U.S. blues legend B.B. King performs for the U.S. troops at the Tuzla airbase in Bosnia. Some say the kind of mastery King showed on the electric guitar is a lost art. Photo by Reuters.

Twitter chat: The electric guitar is in decline. Why?

Arts

U.S. blues legend B.B. King performs for the U.S. troops at the Tuzla airbase in Bosnia. Some say the kind of mastery King showed on the electric guitar is a lost art. Photo by Reuters.

Elvis. Jimi Hendrix. Eric Clapton. Kurt Cobain. B.B King. Prince. These music legends are known for their mastery of the electric guitar. But in an era when a beat can be made on an iPhone, the electric guitar industry is in freefall.

In the past decade, electric guitar sales have dropped from about 1.5 million to just more than a million annually, writes Washington Post arts reporter Geoff Edgers. The industry's two biggest manufacturers — Fender and Gibson — are both in debt. The data reflects a "slow, secret death of the six-string electric," Edgers writes. But why?

Is this the end of the electric guitar? The PBS NewsHour will host a Twitter chat with The Washington Post's Geoff Edgers (@geoffedgers) to find out. Have questions? Tweet them with #NewsHourChats. Jeff Adkins/Bloomberg News.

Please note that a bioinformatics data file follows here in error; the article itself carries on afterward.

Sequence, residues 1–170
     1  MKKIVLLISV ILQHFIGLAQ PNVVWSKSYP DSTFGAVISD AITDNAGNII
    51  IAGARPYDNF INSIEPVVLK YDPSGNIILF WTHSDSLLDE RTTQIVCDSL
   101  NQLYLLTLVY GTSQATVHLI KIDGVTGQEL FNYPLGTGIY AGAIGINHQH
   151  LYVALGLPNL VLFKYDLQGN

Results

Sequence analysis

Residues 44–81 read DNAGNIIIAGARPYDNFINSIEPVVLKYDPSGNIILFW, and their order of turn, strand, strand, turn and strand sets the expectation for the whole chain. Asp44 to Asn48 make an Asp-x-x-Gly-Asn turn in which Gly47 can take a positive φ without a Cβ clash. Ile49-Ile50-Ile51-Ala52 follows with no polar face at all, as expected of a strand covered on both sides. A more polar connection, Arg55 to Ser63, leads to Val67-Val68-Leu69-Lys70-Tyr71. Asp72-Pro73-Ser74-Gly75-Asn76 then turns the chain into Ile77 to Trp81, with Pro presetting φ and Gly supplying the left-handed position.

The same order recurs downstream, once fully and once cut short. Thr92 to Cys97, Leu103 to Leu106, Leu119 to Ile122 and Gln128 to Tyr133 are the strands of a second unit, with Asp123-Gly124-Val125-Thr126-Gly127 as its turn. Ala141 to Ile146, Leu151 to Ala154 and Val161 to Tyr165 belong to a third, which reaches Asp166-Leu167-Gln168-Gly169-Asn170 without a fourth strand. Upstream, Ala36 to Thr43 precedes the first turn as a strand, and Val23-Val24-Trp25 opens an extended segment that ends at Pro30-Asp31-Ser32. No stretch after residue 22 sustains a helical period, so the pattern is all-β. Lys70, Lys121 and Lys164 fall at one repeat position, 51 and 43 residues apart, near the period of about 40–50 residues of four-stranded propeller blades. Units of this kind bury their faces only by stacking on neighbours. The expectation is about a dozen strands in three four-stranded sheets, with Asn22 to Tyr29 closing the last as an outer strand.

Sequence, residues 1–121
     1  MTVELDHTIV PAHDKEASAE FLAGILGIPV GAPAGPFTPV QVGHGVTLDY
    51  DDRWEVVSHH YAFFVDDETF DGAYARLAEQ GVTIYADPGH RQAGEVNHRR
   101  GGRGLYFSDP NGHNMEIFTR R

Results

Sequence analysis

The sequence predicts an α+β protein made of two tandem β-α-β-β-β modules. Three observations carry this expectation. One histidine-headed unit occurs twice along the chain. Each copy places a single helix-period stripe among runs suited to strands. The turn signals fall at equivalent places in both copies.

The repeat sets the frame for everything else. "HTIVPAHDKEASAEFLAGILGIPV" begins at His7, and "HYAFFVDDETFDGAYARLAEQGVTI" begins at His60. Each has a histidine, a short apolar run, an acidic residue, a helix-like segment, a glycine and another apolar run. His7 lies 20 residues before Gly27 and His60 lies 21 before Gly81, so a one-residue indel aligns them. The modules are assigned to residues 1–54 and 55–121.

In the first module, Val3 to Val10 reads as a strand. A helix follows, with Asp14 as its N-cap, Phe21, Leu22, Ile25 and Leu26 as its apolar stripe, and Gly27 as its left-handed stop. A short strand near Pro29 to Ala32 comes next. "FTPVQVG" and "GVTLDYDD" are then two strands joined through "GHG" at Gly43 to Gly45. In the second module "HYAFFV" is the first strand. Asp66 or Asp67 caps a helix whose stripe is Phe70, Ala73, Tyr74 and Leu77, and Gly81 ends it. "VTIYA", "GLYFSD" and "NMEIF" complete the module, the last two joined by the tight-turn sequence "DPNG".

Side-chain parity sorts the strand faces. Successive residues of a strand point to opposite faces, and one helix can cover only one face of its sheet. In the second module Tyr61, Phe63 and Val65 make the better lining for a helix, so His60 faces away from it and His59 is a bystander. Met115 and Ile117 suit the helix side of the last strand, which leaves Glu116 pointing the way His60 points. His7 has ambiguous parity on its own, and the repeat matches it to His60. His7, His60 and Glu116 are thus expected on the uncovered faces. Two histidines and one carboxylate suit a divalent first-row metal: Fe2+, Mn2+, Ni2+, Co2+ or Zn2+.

Some say the art of the electric guitar is suffering at the hands of the synthesizers and mixers seen in electronic dance music (EDM) — the very music that has helped propel artists like the Chainsmokers, ZEDD and DJ Khaled to fame.

But is it really EDM that's killing the electric guitar or is the picture much bigger? Who's playing guitar today and why aren't they inspiring future players the way Hendrix and Cobain did? To help answer those questions and more, Edgers joins the PBS NewsHour (@newshour) at 1 p.m. Thursday, July 6 for a Twitter chat on all things guitar and the future of music.

Have questions? Tweet them using #NewsHourChats. Find Edgers on Twitter @geoffedgers.

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